Sunday, February 18, 2007

"I Forgive You All Your Sins" - Can You Really Say That?

As I prepared for our latest Bible study on the Office of the Keys, I knew that the biggest sticking point with some would be those words: "I forgive you...." How can a pastor forgive anyone his sins? Only God can forgive sins! That's true. But why must the "I forgive" be in opposition to "God forgives"?

I liked the explanation of this point put together by the editors of the Higher Things magazine (Winter 2006). After noting that the pastor speaks these words in conjunction with "by virtue of his office" and "in the stead and command of Jesus Christ," as well as "in the name of the Father, Son and Holy Spirit," they then go on to note the following:

"Those words make clear that the pastor isn't the one forgiving your sins. He doesn't say, 'I'm Bert, and I forgive you in the name of Bert. If anybody says you're not forgiven, tell 'm Bert forgave you.' Effectively the words say, 'I'm no one, but I've been called to the office of pastor. I'm here to tell you what Jesus says. And Jesus says to you, 'I forgive you all your sins.' That's why I tell you that you're forgiven in God's name, not mine.' (25)

I find it interesting that the Orthodox priests do not use the direct form of the Absolution that the Lutheran pastor utilizes. Given their high view of the "office," I would have thought that this would be natural. But, as I understand it, they use a more passive approach. Interesting.

Perhaps it seems to some that we are putting words in Jesus' mouth. Or how can we claim that Jesus is actually saying "I forgive"? This is a good question and the implications of how one answers says a lot about how one views the real presence of Christ. I suspect that many Evangelicals, for all their talk of Jesus, believe more in a real absence than a real presence. Traditionally the Reformed church has made a distinction about where the real, physical presence of Jesus is since his resurrection. They claim that it "remains in heaven." John Calvin could therefore talk about communing spiritually in heaven instead of partaking of the real Christ here on earth.

So, if you're not comfortable with the real presence of Christ here and now, then you naturally wouldn't be comfortable with thinking He was active in such a direct, personal way as to say "I forgive."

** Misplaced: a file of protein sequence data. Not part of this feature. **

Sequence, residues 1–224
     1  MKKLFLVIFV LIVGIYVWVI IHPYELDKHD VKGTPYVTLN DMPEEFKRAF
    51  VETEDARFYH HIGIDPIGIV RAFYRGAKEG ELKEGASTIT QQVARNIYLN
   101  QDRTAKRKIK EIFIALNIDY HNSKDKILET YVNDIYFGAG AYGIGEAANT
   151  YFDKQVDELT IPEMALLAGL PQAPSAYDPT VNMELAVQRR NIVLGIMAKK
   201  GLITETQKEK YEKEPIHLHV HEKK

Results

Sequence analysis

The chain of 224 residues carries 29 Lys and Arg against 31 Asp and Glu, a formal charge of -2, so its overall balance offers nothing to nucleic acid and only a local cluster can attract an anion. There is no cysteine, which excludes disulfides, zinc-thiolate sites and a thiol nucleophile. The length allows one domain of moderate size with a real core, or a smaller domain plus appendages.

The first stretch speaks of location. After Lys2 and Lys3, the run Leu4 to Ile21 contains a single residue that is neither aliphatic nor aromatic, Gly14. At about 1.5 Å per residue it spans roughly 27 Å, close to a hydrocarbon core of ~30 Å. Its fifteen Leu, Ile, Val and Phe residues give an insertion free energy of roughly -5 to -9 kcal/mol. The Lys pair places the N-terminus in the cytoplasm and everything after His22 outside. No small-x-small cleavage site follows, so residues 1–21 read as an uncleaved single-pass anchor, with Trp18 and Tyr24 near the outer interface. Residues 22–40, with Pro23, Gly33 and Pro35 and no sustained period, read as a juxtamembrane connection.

At any rate, when Jesus said "He who hears you hears me," He was commissioning his apostles as ambassadors with the authority of one who speaks for another. Dr. Harold Senkbeil in his book Dying to Live, the Power of Forgiveness, compares the pastor's authority in this case to that of a power of attorney. That was helpful for me. I remember when I had a PA for my mother before she died. I literally spoke in her place as if I was her. I could make medical decisions, sell her house, do anything she would do by her own voice and hand. That's the authority the pastor uses. He is not forgiving anyone by his own authority. He is acting in the official stead of his master who authorized him to do so.

So, the "I" in "I forgive" is Christ, not me, or Bert, or Sam, or Peter, or Jim, or Dave, get the point. What a wonderful thing to know that Jesus still speaks to us. What a comfort to know that He forgives MY sin. It's a living Word after all, not a dead letter.


jaacren said...

I undestand your analogy with a pastor's statement of "I forgive" to a power of attorney. However, where is the scriptural authority for a pastor to act in Jesus' behalf? In 1 Timothy scripture states that there is only one mediator between God and man and that is Jesus. In using the analogy of a pastor and a power of attorney, a power of attorney gives the holder the authority to act in that person's behalf. Where is the scriptural authority to act on the behalf of Jesus?

Anonymous said...

Why don't they just say...As it is written in the scriptures, Jesus said and now I forgive your sins, and leave it at that?